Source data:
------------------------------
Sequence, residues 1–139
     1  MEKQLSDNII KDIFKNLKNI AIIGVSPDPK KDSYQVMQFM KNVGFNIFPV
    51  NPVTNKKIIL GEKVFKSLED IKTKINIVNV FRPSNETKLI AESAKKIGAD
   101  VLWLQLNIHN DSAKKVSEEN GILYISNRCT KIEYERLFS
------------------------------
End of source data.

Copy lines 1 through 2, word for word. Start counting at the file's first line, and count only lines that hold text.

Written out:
Sequence, residues 1–139
     1  MEKQLSDNII KDIFKNLKNI AIIGVSPDPK KDSYQVMQFM KNVGFNIFPV